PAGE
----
WASHINGTON – The American Civil Liberties Union and a coalition of more than 20 civil rights organizations are calling on the Department of Homeland Security and Customs and Border Protection to withdraw a proposed regulation that would dramatically expand the use of face recognition technology at airports and the border. The proposed regulation would allow CBP to require all noncitizen travelers entering and exiting the United States to submit to face recognition.
In a letter sent today to Secretary of Homeland Security Alejandro Mayorkas, the organizations highlight the dangers of face surveillance, which has been shown to disproportionately harm communities of color and has led to the wrongful arrest of at least three Black men. The organizations urge Mayorkas to withdraw the proposed regulation and suspend the use of face recognition technology on travelers.
“This proposed rule poses grave risks to the privacy of immigrants and all visitors to the United States, giving the government a dangerous tool that could allow it to track everyday movements and private associations,” said Ashley Gorski, senior staff attorney with the ACLU’s National Security Project. “No government agency should have that power. And especially not CBP, given its record of separating families, profoundly harming people it detains, and profiling on the basis of ethnicity and religion. CBP’s use of this technology will undoubtedly harm immigrants and communities of color the most.”
Under the proposed regulation, all noncitizen travelers, including children, may be required to be photographed upon entry and departure from the United States. U.S. citizen travelers who do not affirmatively opt out may be photographed as well. CBP would harvest “faceprints” from these images — precise measurements of the unique facial geometry of each photographed traveler — and then apply a face-matching algorithm to travelers, comparing their faceprint to a gallery of other images in the government’s possession. DHS plans to store all the faceprints it collects in a database for up to 75 years, where they may be used by federal, state, and local law enforcement to identify individuals for purposes unrelated to their travel.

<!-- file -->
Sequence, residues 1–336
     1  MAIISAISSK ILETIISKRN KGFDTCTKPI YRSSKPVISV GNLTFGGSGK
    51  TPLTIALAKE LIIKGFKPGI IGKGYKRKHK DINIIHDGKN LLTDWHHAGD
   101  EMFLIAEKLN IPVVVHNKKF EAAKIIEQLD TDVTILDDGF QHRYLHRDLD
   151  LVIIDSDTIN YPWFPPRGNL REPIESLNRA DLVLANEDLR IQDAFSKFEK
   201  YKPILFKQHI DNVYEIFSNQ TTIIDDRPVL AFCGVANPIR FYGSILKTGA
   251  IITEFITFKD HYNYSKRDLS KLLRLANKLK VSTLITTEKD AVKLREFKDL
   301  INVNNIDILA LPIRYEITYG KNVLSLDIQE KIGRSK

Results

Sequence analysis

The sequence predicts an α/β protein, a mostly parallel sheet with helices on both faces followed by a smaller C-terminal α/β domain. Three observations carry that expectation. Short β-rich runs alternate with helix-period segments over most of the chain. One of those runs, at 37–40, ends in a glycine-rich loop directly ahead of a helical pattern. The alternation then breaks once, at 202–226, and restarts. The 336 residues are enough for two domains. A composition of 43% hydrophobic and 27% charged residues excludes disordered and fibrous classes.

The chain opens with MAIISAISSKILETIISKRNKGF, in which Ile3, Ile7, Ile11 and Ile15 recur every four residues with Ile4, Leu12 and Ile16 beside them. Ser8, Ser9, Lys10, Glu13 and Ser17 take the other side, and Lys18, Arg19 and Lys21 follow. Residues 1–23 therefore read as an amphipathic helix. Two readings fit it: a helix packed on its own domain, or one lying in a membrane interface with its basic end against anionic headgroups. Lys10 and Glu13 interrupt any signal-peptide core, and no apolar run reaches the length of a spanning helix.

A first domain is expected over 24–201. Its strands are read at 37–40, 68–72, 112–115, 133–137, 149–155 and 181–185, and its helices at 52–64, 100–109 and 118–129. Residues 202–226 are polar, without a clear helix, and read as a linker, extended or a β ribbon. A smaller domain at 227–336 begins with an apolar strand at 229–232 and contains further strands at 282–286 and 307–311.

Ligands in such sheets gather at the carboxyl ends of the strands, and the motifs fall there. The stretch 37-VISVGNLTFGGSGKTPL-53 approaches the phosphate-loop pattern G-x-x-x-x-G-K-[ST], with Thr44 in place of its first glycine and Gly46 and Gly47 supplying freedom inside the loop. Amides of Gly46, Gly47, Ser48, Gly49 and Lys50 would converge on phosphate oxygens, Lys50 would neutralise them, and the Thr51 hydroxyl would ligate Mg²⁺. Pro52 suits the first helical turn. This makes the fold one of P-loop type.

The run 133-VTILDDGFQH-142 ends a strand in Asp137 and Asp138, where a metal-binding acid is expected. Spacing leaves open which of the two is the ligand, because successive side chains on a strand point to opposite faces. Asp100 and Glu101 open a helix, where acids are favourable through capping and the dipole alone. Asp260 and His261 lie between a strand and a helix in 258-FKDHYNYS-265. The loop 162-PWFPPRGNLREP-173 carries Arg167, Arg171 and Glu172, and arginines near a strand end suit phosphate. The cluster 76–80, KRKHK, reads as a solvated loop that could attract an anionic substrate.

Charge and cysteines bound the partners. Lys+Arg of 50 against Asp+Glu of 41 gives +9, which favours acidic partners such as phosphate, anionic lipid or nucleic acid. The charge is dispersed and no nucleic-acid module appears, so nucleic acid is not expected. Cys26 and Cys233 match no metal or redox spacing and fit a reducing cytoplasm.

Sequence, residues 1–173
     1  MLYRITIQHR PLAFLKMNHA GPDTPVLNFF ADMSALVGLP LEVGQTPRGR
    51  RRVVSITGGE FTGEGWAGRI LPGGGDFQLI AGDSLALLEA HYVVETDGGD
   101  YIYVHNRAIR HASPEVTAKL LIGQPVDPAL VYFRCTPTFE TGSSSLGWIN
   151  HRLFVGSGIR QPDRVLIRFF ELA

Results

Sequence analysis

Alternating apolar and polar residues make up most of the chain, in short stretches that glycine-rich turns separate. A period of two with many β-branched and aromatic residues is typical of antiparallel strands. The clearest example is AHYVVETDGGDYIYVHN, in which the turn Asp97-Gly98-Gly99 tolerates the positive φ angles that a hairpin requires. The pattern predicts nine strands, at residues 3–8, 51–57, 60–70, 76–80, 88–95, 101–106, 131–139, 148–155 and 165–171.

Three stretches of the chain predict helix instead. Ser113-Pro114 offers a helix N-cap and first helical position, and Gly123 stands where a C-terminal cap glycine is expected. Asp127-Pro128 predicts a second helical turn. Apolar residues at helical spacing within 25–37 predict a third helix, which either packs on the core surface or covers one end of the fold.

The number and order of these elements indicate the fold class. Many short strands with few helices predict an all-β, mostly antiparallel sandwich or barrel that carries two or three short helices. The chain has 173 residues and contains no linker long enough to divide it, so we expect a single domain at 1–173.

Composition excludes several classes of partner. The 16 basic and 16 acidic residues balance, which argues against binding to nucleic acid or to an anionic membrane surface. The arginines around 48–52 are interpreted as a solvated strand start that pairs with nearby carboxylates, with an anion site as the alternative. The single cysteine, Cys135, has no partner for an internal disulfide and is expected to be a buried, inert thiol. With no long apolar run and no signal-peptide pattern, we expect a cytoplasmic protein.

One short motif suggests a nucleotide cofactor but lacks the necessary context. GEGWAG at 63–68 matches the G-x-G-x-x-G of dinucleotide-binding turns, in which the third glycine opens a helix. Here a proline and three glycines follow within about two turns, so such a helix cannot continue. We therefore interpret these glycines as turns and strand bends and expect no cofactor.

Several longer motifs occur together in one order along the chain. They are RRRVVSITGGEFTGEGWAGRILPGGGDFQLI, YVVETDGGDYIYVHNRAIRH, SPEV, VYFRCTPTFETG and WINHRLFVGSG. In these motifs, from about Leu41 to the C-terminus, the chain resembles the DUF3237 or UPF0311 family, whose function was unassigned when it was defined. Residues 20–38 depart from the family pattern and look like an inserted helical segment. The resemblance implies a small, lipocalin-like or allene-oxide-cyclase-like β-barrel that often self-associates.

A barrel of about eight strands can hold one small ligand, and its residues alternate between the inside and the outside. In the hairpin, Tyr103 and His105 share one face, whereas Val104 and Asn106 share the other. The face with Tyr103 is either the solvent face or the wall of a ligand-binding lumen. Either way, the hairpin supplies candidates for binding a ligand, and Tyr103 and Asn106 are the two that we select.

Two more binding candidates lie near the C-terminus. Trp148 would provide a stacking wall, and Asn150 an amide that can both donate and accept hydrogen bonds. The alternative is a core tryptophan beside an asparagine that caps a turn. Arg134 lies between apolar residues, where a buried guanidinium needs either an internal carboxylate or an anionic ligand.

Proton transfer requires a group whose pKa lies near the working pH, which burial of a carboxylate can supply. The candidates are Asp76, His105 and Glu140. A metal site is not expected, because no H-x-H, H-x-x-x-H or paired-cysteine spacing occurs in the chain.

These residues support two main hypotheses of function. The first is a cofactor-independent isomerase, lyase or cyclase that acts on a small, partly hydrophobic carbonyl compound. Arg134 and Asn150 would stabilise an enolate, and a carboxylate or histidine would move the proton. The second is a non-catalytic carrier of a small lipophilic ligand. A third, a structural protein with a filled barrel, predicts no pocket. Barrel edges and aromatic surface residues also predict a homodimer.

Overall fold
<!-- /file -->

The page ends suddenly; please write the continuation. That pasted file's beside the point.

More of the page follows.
Unlike other forms of identity verification, faceprints can be collected covertly, at a distance, and without consent. And because facial geometry is unique to each person and faces are typically exposed, the collection of faceprints poses a significant risk of persistent surveillance that could allow the U.S. government and others to track our movements wherever we go.
In December, the ACLU and other civil society organizations submitted a comment in strong opposition to the proposed rule, arguing that the massive expansion of the government’s use of face recognition technology would endanger the rights of tens of millions of immigrants and visitors to the United States. In February, the Biden-Harris administration announced that CBP would reopen the comment period on the controversial proposed regulations, potentially a sign that DHS and CBP intend to proceed with the deployment of face surveillance at airports nationwide.
The ACLU for years has been leading a nationwide effort to defend privacy rights and civil liberties against the growing threat of face surveillance. More than a dozen jurisdictions have banned law enforcement use of face recognition technology as part of ACLU-led campaigns, and most recently we called on President Biden to impose a moratorium on the use of the technology by the federal government.
A December 2020 blog on the proposed rule is here: https://www.aclu.org/news/immigrants-rights/cbps-plan-to-expand-face-surveillance-at-airports-is-a-civil-liberties-disaster-in-the-making/
The ACLU’s petition calling on President Biden to halt federal use of face recognition is here: https://action.aclu.org/send-message/congress-stop-face-surveillance-technologiesPrint